Cover Image Credit: Wikipedia

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5 Perks Of Having A Long-Distance Best Friend

The best kind of long-distance relationship.
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Sometimes, people get annoyed when girls refer to multiple people as their "best friend," but they don't understand. We have different types of best friends. There's the going out together best friend, the see each other everyday best friend and the constant, low maintenance best friend.

While I'm lucky enough to have two out of the three at the same school as me, my "low maintenance" best friend goes to college six hours from Baton Rouge.

This type of friend is special because no matter how long you go without talking or seeing each other, you're always insanely close. Even though I miss her daily, having a long-distance best friend has its perks. Here are just a few of them...

1. Getting to see each other is a special event.

Sometimes when you see someone all the time, you take that person and their friendship for granted. When you don't get to see one of your favorite people very often, the times when you're together are truly appreciated.

2. You always have someone to give unbiased advice.

This person knows you best, but they probably don't know the people you're telling them about, so they can give you better advice than anyone else.

3. You always have someone to text and FaceTime.

While there may be hundreds of miles between you, they're also just a phone call away. You know they'll always be there for you even when they can't physically be there.

4. You can plan fun trips to visit each other.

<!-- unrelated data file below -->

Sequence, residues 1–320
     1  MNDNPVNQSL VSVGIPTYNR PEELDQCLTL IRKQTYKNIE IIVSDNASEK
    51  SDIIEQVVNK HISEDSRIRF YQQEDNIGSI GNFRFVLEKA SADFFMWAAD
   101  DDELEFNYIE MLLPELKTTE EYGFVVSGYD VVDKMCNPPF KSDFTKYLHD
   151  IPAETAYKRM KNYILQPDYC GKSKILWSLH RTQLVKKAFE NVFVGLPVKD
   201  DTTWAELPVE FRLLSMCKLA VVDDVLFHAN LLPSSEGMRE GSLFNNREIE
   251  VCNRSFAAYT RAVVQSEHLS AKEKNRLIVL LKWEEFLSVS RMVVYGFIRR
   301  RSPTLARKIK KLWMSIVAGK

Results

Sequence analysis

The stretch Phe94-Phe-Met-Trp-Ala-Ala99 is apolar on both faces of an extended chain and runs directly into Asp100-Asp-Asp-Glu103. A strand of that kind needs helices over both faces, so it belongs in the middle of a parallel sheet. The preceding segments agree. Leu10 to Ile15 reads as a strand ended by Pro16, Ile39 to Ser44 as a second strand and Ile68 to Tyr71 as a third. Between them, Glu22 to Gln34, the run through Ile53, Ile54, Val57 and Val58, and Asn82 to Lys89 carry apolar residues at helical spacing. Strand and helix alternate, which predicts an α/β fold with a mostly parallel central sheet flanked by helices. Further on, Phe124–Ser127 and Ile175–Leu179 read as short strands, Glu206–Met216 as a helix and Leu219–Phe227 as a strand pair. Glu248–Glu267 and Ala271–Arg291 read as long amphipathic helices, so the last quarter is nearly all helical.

When you can visit each other, you get to meet the people you've heard so much about and experience all the places they love. You get to have your own college experience and, sometimes, theirs, too.

5. You know they will always be a part of your life.

If you can survive going to school in different states, you've both proven that your friendship will last forever. You both care enough to make time for the other in the midst of exams, social events, and homework.

The long-distance best friend is a forever friend. While I wish I could see mine more, I wouldn't trade her for anything.

Cover Image Credit: Just For Laughs-Chicago

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Cancel Culture Is Toxic And Ugly

Stop deciding for me who I can and cannot like.

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I was really hoping that canceled culture died in 2018, but unfortunately here we are in 2019 still "canceling" whoever we personally deem "problematic." Whether it's tweeting from six years ago or falsely made allegations, waves of people will grab on to anything they can to bring down whatever celebrity or influencer seems to be doing well at the moment.